Here’s Merriam Webster’s take on the issue:


The Singular They is Now Officially Correct — 22 Comments

  1. This is an overblown issue. Most of the time a talented writer can find a simple way around this problem.

    For example, let’s take the last sentence of this article: “After all, doesn’t every writer want their writing to feel good, sound good, and present no unintended offense?’

    This could easily be revised, with the same elegance, to: “After all, don’t all writers want their writing to feel good, sound good, and present no unintended offense?”

    Three words were changed. If you are truly a master writer of English, you can always find an easy way to craft a sentence that is grammatically pleasing, aesthetically pleasing, and inclusively pleasing.

    • The problem, as I see it, is that too many people wind up using variations on “him or her.” Yes, there’s always a solution, but variations in sentence structure throughout a narrative create interest. This offers yet another variant. More important is that the evolution of language is driven by popular usages in speech. Singular they is in common use. The question of when the rules of prose should synchronize with speech is subjective and complicated, but worth considering.

      Thanks for reading!

  2. The street is full of anarchist tendencies and trends; the authorities, of ironic anachronisms. I fear the democratisation of everything, especially the awesome powers of the parliamentarians at the gate.

  3. Thanks for the info. Since publishers use the Chicago Manual, I don’t have much of a choice. It’s a great idea, but how long will it be for everyone to accept it?

    • I never cared for the s/he usage any more than “him or her” or “his or her,” but sometimes the reframing of the sentence produces its own awkward problems. In literature, where you have more “colors” to paint with, it’s easier to find workarounds, but in simple, functional, direct prose, the generic masculine singular solves a lot of problems. Most style manuals still support the practice despite the objections of feminists, but “the street” seems to have adopted singular “they.” As Alexandra York pointed out in a previous comment, the street adopts some maddening styles (Every time I hear someone go something, I wish they’d just say away.), but it’s still where real language grows and changes – whether or not it’s blessed by the establishment.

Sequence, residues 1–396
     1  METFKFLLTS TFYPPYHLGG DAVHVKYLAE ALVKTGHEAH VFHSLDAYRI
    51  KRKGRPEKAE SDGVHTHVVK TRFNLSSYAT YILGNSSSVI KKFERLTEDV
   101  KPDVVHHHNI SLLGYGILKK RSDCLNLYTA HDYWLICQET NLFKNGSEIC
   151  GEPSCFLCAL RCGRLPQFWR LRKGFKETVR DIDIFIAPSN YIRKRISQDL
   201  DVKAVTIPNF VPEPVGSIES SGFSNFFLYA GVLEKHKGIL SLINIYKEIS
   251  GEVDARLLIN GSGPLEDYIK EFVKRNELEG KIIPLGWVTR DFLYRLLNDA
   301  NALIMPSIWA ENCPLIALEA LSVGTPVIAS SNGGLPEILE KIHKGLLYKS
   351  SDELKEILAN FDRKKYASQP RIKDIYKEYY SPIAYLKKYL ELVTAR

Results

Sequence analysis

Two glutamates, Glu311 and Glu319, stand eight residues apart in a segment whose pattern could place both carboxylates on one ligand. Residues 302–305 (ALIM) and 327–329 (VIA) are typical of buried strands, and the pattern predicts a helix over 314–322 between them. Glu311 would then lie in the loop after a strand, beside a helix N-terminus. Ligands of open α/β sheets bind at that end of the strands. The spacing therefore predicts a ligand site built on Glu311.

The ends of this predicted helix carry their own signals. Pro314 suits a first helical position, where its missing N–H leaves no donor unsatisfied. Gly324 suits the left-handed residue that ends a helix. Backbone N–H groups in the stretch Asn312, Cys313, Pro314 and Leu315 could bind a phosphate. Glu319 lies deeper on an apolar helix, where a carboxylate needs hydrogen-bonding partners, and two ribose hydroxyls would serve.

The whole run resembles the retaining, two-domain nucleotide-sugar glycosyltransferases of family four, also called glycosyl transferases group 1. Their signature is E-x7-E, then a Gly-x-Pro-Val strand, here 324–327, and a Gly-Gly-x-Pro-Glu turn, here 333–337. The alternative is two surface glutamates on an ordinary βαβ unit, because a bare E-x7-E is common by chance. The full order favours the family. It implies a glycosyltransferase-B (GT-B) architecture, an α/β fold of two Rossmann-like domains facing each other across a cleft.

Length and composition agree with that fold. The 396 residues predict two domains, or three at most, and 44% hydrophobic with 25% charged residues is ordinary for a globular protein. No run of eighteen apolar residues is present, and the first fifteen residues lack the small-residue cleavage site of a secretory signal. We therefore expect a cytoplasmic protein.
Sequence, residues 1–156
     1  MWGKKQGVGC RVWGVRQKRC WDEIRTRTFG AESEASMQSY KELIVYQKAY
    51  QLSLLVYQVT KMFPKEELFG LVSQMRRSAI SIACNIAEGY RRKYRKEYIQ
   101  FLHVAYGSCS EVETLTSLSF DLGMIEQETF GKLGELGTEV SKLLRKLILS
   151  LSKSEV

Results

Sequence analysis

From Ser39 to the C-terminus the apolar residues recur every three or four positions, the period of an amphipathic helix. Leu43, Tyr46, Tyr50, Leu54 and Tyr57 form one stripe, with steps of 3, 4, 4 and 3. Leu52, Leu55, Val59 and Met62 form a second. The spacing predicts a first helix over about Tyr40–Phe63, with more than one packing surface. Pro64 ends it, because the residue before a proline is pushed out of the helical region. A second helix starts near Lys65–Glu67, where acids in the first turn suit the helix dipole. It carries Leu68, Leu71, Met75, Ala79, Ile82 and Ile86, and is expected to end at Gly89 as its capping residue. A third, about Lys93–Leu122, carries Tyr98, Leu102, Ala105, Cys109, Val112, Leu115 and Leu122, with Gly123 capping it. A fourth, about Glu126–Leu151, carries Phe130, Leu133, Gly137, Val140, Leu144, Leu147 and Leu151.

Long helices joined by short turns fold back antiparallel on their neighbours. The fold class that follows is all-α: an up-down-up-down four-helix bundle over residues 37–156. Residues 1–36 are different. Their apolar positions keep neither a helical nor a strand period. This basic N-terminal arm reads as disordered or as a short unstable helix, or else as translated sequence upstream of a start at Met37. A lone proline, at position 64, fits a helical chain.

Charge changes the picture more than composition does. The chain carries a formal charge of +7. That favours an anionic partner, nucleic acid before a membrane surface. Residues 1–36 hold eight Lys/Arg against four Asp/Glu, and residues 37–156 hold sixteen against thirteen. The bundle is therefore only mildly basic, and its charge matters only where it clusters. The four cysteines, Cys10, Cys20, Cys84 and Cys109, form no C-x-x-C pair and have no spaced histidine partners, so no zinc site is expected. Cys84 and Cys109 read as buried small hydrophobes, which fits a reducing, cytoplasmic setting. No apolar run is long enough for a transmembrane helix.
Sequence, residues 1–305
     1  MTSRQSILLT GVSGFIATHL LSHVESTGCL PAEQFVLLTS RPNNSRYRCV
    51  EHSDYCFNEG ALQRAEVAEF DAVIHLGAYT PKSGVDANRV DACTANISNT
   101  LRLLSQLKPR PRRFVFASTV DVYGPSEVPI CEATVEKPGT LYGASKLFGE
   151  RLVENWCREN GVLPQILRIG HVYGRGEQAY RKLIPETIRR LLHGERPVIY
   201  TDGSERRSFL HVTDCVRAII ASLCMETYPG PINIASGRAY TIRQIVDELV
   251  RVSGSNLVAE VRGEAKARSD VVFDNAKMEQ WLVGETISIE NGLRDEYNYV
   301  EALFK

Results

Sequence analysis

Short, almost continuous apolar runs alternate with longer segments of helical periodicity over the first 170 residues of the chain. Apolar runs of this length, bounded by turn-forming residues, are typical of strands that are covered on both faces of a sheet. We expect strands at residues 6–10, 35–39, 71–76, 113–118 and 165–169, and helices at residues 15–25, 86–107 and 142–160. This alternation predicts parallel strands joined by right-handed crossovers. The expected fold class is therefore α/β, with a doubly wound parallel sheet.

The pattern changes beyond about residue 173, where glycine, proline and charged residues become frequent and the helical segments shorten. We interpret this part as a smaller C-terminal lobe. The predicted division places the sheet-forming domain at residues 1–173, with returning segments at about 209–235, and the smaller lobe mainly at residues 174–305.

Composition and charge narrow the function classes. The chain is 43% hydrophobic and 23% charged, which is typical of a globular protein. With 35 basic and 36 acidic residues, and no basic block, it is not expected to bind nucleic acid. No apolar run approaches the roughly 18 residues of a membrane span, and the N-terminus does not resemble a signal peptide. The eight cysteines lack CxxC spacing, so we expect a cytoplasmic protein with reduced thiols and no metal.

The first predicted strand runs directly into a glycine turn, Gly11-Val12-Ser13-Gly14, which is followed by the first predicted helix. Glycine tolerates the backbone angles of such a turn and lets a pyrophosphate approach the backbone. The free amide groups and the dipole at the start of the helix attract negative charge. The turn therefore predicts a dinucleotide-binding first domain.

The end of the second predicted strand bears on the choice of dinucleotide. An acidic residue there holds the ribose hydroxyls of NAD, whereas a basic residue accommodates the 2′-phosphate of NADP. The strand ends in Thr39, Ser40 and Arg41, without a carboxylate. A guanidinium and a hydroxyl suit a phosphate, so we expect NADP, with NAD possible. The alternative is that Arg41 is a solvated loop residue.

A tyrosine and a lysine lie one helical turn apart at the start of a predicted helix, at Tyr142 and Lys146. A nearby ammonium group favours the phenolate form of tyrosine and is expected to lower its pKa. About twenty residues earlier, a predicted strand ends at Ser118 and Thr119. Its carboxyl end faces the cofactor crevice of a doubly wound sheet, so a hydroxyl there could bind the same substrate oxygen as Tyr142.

4. I think this particular issue is far less important than usage such as “he goes” when you mean “he says.” Also the use of “sucks” has entered even polite language, and it is vulgar. Urban street slang is intruding upon elegant, refined English everywhere. It should seem apodictic that thoughtful wordage and flow of phrase are most important for concinnity of overall delight in both writing and reading. Alexandra York, Author and Editor

  5. Like Joel, have been using ‘they’ forever. But then I am English. My issue would be with words like ‘patronising’, ‘tire’ and closed quotes outside the full point, instead of ‘patronising’, ‘tyre’ and ‘”.’ when quoting. Not sure why I’d be ruled by the American Dialect Society. Are they an authority? Chicago Manual us a must reference for me when copywriting or proofreading for the American market. Otherwise, I stick to the original beautiful language – with all its rules and idiosyncrasies – that we created over here!